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Measuring Bike Size

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Old 02-11-19, 03:25 PM
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WaveyGravey
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Measuring Bike Size

Question concerning measurement. What 2 co-ordinates are used to determine bike size? Thanks
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Old 02-11-19, 04:34 PM
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Here is a diagram the tubes on the bike and a listing of the measurements for the various tubes. Note how the top tube measurement is done.

DescriptionXS(42cm)S(46cm)M(50cm)L(54cm)XL(58cm)ASEAT TUBE, CENTER TO TOP420.0460.0500.0540.0580.0C-2EFFECTIVE TOP TUBE LENGTH510.0530.0545.0565.0590.0DCHAIN STAY420.0420.0420.0420.0420.0EBB DROP71.171.171.171.171.1FFORK OFFSET45.045.045.045.045.0GHEAD TUBE ANGLE71.071.572.573.073.0HSEAT TUBE ANGLE76.074.573.573.073.0IWHEEL BASE993.1996.6994.01004.41029.3JSTAND OVER HEIGHT710.9739.4773.7795.3831.4HEAD TUBE LENGTH105.0126.0156.0161.0197.0reach379.5375.8376.0390.0404.0stack512.0535.6565.9572.5607.0trail69.5 63.260.057.056.9STEM LENGTH90.090.0100.0100.0110.0STEM ANGLE-7-7-7-7-7HANDLEBAR WIDTH400.0400.0420.0440.0440.0HANDLEBAR RISENANANANANACRANK LENGTH170.0170.0175.0175.0175.0TOE CLIP SIZESSSMMSEAT POST DIAMETER27.227.227.227.227.2
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Old 02-11-19, 04:38 PM
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Most bikes are going to be sized by the measurement of the effective top tube.
This is just a guideline for height of rider and size of bike. A bike shop can give you more accurate appropriate sizing.
48cm - 5'5" to 5'7"
51cm - 5'7" to 5'9"
53cm - 5'9" to 5'11"
56cm - 5'11" to 6'1"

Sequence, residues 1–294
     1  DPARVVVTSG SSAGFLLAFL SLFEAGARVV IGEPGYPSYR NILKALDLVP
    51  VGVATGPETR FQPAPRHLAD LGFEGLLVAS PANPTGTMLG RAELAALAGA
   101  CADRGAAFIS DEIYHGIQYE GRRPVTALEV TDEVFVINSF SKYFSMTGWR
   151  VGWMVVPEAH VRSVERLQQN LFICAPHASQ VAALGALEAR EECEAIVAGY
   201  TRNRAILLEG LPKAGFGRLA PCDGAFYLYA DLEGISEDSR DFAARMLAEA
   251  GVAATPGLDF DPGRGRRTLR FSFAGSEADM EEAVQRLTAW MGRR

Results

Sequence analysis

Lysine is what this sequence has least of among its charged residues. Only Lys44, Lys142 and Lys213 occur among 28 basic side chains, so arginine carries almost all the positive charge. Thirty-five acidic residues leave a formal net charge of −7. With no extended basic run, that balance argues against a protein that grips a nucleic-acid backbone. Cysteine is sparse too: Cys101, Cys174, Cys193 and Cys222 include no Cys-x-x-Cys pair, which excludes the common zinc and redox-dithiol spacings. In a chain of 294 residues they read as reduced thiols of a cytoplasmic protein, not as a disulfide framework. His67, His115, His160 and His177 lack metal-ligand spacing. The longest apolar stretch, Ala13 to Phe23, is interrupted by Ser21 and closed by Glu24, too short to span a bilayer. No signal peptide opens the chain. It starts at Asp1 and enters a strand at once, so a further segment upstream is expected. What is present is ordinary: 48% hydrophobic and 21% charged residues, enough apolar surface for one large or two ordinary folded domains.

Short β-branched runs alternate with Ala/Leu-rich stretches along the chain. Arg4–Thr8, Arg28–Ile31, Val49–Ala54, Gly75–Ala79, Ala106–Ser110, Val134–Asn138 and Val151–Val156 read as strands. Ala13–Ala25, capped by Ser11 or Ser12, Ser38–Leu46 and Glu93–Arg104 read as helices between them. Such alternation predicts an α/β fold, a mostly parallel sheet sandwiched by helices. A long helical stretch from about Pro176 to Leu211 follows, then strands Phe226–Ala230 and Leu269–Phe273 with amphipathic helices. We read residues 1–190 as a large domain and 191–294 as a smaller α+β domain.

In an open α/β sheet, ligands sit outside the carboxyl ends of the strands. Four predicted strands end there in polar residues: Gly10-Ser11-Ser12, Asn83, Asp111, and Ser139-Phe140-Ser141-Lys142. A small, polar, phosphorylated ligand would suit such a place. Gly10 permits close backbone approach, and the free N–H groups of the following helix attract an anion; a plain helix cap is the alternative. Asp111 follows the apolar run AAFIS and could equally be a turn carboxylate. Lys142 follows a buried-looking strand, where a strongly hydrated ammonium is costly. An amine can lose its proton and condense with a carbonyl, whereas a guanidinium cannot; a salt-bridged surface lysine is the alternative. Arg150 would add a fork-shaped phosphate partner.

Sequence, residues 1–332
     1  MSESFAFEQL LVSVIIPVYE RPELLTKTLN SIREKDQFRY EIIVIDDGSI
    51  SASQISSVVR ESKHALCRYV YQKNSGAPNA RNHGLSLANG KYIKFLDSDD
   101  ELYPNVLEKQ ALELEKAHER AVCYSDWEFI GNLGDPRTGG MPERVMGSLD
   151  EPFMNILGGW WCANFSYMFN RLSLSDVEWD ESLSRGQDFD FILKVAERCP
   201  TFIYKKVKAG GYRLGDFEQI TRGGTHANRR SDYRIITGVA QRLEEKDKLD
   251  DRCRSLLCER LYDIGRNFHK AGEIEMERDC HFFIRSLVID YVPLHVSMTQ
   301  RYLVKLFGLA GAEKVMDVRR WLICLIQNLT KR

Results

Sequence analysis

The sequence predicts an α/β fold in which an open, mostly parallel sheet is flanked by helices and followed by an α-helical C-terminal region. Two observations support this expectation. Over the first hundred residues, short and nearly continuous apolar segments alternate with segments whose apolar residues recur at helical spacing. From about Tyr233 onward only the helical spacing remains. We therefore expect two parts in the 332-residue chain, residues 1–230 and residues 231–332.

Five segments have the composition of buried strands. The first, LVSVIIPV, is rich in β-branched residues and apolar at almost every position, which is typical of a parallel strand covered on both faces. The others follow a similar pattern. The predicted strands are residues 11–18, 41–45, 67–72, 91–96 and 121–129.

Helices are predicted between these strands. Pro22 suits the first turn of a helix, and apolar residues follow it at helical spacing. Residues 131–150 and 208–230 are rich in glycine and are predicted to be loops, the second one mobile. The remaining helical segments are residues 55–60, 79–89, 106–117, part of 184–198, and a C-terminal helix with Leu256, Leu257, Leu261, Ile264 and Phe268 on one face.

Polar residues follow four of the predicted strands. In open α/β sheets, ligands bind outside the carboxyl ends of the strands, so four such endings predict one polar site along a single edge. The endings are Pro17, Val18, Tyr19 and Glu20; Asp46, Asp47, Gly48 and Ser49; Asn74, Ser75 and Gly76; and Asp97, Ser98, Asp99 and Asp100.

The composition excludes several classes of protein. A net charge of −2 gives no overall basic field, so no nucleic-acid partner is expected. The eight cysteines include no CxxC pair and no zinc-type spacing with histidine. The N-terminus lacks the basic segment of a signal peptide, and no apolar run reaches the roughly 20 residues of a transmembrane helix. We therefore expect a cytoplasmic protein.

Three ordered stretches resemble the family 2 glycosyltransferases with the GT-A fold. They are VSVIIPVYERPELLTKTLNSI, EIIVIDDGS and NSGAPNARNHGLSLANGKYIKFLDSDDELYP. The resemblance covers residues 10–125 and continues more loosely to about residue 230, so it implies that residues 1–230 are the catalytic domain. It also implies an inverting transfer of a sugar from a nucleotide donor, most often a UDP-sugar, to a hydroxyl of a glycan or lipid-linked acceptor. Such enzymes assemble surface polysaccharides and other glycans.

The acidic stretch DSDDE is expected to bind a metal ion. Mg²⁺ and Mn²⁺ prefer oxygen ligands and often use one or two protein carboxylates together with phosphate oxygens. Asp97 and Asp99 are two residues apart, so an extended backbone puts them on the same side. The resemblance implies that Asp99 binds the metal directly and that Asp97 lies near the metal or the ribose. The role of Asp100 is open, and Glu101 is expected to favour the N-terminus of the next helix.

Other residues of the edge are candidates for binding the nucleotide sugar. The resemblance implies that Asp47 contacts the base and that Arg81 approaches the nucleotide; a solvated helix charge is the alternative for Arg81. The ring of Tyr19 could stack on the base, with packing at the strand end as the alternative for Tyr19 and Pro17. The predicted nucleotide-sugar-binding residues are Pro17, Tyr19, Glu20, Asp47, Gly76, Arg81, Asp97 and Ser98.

59cm - 6'1" to 6'3"This is a general guide, please consult the geometry chart.
Sizing is a personal preference, the final choice is up to you.
Between sizes? Size up for higher bars, more casual riding / longer arms/torso.
Size down for lower bars, more aggressive riding; short arms/torso
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Old 02-11-19, 07:13 PM
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Originally Posted by delbiker1 View Post
Most bikes are going to be sized by the measurement of the effective top tube.
This is just a guideline for height of rider and size of bike. A bike shop can give you more accurate appropriate sizing.
48cm - 5'5" to 5'7"
51cm - 5'7" to 5'9"
53cm - 5'9" to 5'11"
56cm - 5'11" to 6'1"
59cm - 6'1" to 6'3"This is a general guide, please consult the geometry chart.
Sizing is a personal preference, the final choice is up to you.
Between sizes? Size up for higher bars, more casual riding / longer arms/torso.
Size down for lower bars, more aggressive riding; short arms/torso
Is this the length of the top tube? I was always under the impression that sizing was the length of the seat tube measured from centr of BB to the top of the seat tube or where the tube would end it the top tube was parallel to the ground. Top tube length was taken into consideration.

If the TT length is the new sizing, it would explain why a shop showing me an older bike recommended a 51cm frame. I believe they applied the TT length to the marked ST height. The bike was way too small and I felt like my head was in front of the front hub. At 5'8.5", I ride a 54-55cm frame using ST measurement.

I also notice many bikes have a gap in sizing of 49, 51, (gap) 54-55, 57, 59. Is this a TT measurement sizing thing.
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Old 02-11-19, 07:32 PM
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There are bikes frames produced in those missing numbers. I have a couple of bikes that are 53 cm and also a couple that are 54cm. There are also bikes that measure 52 cm,56 cm. 58 cm and upward.I am 5'8" and have both 53 cm and 54 cm bikes. They are what fits me best.There are a lot of bikes now that have the "compact frame", meaning they have a sloping top tube, shorter seat tubes, and longer head tubes. The sloping top tube is why there is now the " effective top tube measurement". Look at the diagram and you can see how that measurement is done. This gives a more upright,and for a lot of riders, a more forgiving and more comfortable position on the bike. In the end, you are the one riding the bike and you should get one that fits you. It may not be the size someone else recommends for you. Test ride as much as you can.